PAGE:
The South Pole Is Warming Three Times Faster Than the Rest of Earth

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Warm air doesn’t reach Antarctica as easily as the rest of the globe, but a new study has found that not even the South Pole is safe from the influences of human-driven climate change.

The study, published Monday in Nature Climate Change, found that, in the last three decades, the region has warmed at three times the global rate. From 1989 to 2018, the region saw the largest average warming trend over 30 years, with an increase of 0.61°C per decade. The team of scientists analyzed weather station data from 20 long-term weather stations to measure the warming trends. This finding is major because it had previously appeared that “the South Pole was immune to warming,” author Kyle Clem, a postdoctoral research fellow at Victoria University of Wellington’s School of Geography, Environment, and Earth Sciences, told Earther in an email.


“Our study shows this is no longer the case,” Clem said. “Also, due to the short length of the temperature records and sparse weather station observations across the Antarctic interior, we really don’t know much about this part of the planet. Here, we shed light that the Antarctic interior is susceptible to abrupt and extreme multi-decadal climate swings.”

Along with temperature, the team looked at atmospheric data and wind measurements to assess how much of this warming is beyond human influence and due to natural variability. It turns out that this rise in temperatures can be attributed to lower atmospheric pressure in the Weddell Sea, along the continent’s northern coastline, which is bringing more warm air from the South Atlantic to the South Pole. This is likely due to increased temperatures in the western tropical Pacific, as this event lowered the pressure over the Weddell Sea in the climate models the team used.


While the authors found that this level of warming is within the possible threshold of natural climate variability, they emphasize that greenhouse gas emissions from humans are exacerbating the situation. It’s important to be careful when attributing specific warming events to climate change, Ted Scambos, a senior research scientist at the University of Colorado Boulder’s Earth Science and Observation Center who was not involved in the study, told Earther in an email.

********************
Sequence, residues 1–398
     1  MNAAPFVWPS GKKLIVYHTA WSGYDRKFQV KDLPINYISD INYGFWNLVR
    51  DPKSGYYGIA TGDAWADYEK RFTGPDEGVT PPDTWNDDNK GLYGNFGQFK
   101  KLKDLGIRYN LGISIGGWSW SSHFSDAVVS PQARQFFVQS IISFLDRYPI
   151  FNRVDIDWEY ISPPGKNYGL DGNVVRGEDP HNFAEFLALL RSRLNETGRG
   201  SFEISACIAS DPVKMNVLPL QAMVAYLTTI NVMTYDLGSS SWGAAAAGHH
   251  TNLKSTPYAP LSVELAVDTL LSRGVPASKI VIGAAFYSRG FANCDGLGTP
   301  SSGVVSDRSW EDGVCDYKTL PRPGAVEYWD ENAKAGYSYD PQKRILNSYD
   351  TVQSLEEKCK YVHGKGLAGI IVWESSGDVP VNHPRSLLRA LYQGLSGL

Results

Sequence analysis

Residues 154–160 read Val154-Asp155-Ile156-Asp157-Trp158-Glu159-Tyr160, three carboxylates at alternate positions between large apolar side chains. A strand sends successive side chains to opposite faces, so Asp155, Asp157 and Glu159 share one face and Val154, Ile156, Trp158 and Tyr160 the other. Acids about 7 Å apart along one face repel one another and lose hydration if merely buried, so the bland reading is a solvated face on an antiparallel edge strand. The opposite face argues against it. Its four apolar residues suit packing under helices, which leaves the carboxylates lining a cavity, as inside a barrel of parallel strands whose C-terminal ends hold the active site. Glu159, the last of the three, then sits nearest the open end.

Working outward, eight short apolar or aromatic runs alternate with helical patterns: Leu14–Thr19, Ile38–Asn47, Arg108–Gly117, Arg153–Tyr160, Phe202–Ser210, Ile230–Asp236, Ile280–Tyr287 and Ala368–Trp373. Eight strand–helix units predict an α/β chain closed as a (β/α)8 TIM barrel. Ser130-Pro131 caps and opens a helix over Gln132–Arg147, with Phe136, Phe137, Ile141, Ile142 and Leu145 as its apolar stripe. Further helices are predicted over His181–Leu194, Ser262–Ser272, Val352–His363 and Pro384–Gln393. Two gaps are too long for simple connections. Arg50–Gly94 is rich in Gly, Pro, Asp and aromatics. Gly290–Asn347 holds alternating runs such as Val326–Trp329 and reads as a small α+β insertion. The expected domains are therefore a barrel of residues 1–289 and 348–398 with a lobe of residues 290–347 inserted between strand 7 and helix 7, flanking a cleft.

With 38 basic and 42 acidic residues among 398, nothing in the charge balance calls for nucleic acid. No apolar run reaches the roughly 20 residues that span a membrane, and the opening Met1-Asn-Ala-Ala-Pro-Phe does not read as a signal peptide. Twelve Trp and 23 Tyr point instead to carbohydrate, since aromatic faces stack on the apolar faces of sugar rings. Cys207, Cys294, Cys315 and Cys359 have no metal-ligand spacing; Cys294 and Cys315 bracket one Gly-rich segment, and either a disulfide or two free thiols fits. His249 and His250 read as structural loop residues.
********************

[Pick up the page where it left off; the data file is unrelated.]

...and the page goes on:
“Despite the inclination to hang this firmly around the neck of global warming, we need to be a bit cautious, as the authors were in their paper,” he said.


Still, study author Clem told Earther he is worried that climate deniers and science opponents may misconstrue these findings to push their agenda. The natural variability of the region makes it incredibly difficult to know humans’ role in what’s happening, but that doesn’t mean that Antarctica is safe from climate change. Even more urgently, at no point do these findings suggest climate change isn’t real.


“None of our results support these types of conclusions,” Clem said. “If anything, our results clearly demonstrate that humans are likely playing a large role and may have caused over half of the recent warming.”

Along with this extreme variability, the lack of temperature data for Antarctica complicates this research. Measurements began only in 1957. That’s why the authors of this study relied heavily on climate model simulations. This helped them gain a better understanding of the role climate change plays in the region’s transformation. Unfortunately, using models adds yet another limitation to the research, because they struggle to accurately simulate Antarctic sea ice. The amount of sea ice cover directly affects the level of warming; the more sea ice there is, the more the Sun’s rays are bounced back into space. However, if there’s less sea ice, more of that energy is absorbed. That doesn’t diminish the value of this research and its findings, though. Science is rarely perfect, after all.


The research still leaves us with many questions, but Clem hopes that these findings will push world leaders and scientists to better prepare for the extreme temperature swings Antarctica will likely face. In recent years, we’ve seen record sea ice loss, green snow, and the breaking of icebergs. These changes can have global effects, especially when ice melts. That can worsen sea level rise. However, so much of Antarctica remains a mystery. More scientists need to research the continent to truly understand how climate change will alter it.